I laughed our loud when I got home and opened up the back of the van.

I could imagine David shaking his head, but smiling. He didn’t understand my penchant for all things paper, but he tolerated it. After all, there are worse habits a wife could indulge in,  ones that involved much more money; $300 purses come to mind. (my daughters and I had also wondered at the long waiting line at one sale as the garage doors opened. The women rushing to the table of Coach purses answered that question)

“Mary, do you think some couponers are actually hoarders?” a male friend asked me recently, and my mind’s eye flashed to my modest stockpiles of cereal, peanut butter and shampoo.

“It can get that way, like the extreme couponers I see on television,” I replied, then added truthfully, “But if I hoard anything it is stationery and paper.”

 

“Stationery?” his wife’s eyes immediately lit up. “I would love stationery! I can never find any nice stationery.”

I sent her a “care package” of stationery that week.

The only thing that dampened my enthusiasm for this sale was the absence of my oldest daughter, Elizabeth, also a paper addict. After a morning of garage sales, she ‘d returned to the hospital to be with Jacob during the last 24 hours of his latest chemotherapy treatment.

I think it is time to put together another paper “care package.”

 

paper

True Paper Prowess

It has been a long day of writing, editing, revising, and more writing. I am diligently working on an update of my proposal for the agent to send out a Round Two with editors and publishers. What I thought would be a simple update with some additional information I had unearthed turned into a snowball effect with more research and more updating involved.  I get so excited when I add what I believe to be fun and exciting information to the book but it is a lot of work. David took the two youngest girls to the library this afternoon to give me some uninterrupted time. Imagine my surprise when an unexpected box arrived on my doorstep. I didn’t recognize the address on the return label but I did recognize the name on the side of the box “papercoterie.”  I had ordered some personalized notebooks with a $40 code that was posted on Hip2Save a couple of weeks ago. It didn’t take much to convince me to slog through what amounted to an extremely slow and excruciatingly complicated website process.  $40 in free paper? I’m in! So what is it takes me a good hour to order?  FREE PAPER. Enough said.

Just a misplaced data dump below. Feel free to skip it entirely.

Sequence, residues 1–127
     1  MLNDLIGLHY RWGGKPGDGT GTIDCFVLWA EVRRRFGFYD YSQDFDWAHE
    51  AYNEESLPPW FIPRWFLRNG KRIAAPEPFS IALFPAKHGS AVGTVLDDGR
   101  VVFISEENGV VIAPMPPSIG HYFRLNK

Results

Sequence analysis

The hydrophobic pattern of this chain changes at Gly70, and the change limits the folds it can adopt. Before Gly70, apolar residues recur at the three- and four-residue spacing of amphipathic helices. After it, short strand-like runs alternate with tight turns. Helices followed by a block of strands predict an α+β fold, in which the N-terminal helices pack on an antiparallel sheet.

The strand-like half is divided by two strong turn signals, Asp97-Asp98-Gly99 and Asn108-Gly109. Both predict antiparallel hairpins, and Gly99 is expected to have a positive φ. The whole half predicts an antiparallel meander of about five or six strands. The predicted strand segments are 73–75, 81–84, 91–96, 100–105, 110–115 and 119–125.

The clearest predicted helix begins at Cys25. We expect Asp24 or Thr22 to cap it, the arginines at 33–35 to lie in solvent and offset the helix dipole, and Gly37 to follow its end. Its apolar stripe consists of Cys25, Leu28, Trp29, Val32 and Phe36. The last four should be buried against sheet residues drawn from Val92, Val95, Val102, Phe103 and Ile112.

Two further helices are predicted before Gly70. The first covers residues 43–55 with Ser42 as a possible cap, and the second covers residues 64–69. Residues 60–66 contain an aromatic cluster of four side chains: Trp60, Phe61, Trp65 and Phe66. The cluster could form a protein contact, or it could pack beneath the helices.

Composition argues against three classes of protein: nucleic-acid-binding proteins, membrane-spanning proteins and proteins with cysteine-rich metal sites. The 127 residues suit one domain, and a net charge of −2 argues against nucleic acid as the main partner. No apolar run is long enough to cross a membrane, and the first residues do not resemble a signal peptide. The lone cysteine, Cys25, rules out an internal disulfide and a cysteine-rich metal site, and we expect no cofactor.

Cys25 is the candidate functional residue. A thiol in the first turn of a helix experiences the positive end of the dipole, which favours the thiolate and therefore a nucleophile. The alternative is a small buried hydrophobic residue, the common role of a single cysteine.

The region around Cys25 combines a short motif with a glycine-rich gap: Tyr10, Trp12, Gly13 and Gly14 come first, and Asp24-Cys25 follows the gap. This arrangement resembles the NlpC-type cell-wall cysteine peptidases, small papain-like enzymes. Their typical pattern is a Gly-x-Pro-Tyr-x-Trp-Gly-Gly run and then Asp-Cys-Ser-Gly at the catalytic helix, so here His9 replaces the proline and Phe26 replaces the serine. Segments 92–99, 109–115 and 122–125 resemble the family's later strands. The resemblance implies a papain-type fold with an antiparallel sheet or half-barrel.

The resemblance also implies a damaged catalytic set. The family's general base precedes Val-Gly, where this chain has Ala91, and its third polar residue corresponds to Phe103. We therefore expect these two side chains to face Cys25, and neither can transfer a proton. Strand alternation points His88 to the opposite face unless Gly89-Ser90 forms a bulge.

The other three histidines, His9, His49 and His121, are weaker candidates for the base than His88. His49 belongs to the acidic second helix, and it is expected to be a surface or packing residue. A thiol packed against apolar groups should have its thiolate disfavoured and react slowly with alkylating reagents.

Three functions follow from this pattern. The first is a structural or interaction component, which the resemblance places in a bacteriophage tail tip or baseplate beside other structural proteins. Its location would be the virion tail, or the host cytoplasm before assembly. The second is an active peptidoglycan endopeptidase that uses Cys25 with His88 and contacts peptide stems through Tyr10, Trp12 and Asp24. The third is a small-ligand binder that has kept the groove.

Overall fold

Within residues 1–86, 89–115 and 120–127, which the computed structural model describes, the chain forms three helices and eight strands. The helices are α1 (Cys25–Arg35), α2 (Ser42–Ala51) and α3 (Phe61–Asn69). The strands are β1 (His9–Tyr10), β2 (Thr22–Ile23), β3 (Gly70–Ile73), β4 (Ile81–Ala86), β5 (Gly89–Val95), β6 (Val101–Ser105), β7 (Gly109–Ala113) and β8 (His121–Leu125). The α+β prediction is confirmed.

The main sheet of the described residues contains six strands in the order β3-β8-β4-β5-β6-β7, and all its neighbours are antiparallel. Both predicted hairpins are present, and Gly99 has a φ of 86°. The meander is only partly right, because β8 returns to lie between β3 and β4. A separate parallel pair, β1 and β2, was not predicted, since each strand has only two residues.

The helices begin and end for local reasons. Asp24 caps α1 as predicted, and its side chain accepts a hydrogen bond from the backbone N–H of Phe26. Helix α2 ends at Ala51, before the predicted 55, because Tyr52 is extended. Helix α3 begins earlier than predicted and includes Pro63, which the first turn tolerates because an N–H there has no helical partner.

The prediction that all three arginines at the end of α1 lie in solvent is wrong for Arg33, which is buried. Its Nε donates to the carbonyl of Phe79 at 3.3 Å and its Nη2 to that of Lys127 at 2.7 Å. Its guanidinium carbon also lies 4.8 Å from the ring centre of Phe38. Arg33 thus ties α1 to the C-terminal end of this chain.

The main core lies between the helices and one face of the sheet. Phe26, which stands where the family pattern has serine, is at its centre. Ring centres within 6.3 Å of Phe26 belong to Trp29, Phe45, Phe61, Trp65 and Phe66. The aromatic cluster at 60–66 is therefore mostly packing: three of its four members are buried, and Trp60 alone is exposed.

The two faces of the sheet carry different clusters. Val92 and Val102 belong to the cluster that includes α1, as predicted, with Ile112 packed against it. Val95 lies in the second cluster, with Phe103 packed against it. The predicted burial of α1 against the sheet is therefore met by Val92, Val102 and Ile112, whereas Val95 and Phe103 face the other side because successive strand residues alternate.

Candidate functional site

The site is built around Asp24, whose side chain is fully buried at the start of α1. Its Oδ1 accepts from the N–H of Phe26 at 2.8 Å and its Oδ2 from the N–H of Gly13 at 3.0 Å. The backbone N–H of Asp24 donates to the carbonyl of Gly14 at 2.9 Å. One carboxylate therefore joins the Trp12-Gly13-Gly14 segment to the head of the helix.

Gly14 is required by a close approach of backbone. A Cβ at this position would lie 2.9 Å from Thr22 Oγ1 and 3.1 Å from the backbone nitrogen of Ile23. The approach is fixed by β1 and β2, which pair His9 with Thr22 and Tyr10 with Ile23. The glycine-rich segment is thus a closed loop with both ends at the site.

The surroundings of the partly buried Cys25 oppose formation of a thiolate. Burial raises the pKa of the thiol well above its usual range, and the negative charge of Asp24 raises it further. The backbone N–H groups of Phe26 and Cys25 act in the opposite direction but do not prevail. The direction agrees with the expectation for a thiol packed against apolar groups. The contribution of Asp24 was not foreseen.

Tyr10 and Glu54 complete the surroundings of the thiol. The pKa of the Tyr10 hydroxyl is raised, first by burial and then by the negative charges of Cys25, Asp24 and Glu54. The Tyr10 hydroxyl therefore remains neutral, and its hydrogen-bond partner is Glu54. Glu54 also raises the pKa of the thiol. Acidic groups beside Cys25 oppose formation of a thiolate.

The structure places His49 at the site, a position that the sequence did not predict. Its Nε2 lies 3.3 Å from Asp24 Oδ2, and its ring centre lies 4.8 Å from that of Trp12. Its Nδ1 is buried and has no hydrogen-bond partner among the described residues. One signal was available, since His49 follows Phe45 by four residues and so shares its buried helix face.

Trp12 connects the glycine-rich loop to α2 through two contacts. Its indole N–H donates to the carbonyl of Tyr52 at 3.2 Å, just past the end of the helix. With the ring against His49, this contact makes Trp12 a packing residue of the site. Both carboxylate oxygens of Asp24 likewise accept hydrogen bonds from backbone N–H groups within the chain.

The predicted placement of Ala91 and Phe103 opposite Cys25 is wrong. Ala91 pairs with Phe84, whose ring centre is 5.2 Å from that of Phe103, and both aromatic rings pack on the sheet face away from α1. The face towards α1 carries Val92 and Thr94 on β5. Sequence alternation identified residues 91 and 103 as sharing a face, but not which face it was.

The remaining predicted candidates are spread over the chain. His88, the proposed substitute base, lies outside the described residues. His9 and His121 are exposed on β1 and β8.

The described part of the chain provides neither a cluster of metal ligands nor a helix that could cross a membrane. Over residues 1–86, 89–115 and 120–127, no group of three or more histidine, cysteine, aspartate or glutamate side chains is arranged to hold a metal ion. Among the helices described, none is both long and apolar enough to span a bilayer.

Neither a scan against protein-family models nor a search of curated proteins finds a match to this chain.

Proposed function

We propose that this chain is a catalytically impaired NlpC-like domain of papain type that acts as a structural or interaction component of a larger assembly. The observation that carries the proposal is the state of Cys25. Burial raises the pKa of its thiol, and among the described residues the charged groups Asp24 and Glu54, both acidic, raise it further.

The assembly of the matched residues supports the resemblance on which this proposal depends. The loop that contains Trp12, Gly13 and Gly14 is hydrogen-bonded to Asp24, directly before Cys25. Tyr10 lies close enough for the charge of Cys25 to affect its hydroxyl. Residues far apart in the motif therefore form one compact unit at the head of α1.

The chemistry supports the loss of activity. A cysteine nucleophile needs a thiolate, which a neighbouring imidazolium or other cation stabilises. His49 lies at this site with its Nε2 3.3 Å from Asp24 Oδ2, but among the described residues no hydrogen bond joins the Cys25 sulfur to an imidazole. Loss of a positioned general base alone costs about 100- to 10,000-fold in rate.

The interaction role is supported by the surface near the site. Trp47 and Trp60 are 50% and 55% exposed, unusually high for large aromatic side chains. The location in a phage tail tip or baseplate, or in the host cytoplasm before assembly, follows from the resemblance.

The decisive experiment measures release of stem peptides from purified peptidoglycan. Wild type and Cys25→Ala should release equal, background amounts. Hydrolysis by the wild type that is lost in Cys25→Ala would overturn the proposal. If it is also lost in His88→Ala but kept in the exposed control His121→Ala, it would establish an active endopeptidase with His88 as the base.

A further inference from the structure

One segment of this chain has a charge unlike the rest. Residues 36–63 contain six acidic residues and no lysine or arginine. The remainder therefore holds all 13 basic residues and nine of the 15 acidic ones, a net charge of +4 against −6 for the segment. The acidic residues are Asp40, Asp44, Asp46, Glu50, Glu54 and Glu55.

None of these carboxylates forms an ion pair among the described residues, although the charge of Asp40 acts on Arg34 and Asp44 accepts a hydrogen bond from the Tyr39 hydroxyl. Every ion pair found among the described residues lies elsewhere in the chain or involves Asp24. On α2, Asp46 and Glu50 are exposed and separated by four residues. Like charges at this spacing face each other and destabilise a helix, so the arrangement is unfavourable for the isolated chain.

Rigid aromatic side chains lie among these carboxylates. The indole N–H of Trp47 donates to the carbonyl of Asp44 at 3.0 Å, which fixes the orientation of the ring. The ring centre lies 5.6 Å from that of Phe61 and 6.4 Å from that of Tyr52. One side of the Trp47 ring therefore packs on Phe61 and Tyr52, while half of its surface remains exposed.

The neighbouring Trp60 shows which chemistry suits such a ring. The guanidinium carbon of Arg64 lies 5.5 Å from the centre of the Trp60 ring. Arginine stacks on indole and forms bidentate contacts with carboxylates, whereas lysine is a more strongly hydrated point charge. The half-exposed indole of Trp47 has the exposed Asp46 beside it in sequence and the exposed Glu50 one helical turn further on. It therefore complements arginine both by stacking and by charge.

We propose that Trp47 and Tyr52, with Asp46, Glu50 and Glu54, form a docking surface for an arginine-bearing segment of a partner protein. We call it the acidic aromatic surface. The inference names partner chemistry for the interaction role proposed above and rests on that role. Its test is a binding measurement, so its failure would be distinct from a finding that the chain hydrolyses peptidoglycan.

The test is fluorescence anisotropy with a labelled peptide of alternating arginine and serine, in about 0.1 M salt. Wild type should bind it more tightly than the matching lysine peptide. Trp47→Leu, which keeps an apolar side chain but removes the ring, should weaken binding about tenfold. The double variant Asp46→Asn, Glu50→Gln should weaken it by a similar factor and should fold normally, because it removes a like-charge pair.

It turns out that website experience was not usual for this company but the end result of offering a $40 coupon code that went viral.

I waited until I finished the last few pages of the section I’d been editing, and then, my heart beating faster, I carefully removed the tape of the box.

I was not disappointed.  On the top of my order was a free necklace, a welcome gift to their company. 

Beneath that free gift was a bubble-wrapped package.  Underneath the protective bubbles, my order was artfully wrapped in light blue tissue paper. My hands shook slightly as I broke the seal and unwrapped what turned out to be three separate cardboard protective sleeves, each containing a personalized journal.

The journals have thick lined pages to write on, and a ribbon marker attached to the spine, for holding one’s place.  I can’t wait to start writing in them.  I only wished I hadn’t been so selfish and had ordered one for a gift. Instead, because of the slowness of the website that day, I had so much trouble making my order, I just stuck with photos that were readily available on my desktop, and even then I had trouble downloading. The system told me my photo of David and I was too small to load properly, but by then an hour had passed and I wasn’t about to try something else. I think it turned out nicely, anyway.

All I could think after opening this box is These people really know paper and paper-lovers.  Of course a paper-lover would revel in the tissue-wrapped package, would be in awe of separate cardboard protective sleeves for their journal, would thrill at the free gift of a lovely necklace.  Though pricey ($16 a journal), I can almost see myself buying more for gifts this year.   

Now to start writing.   Again.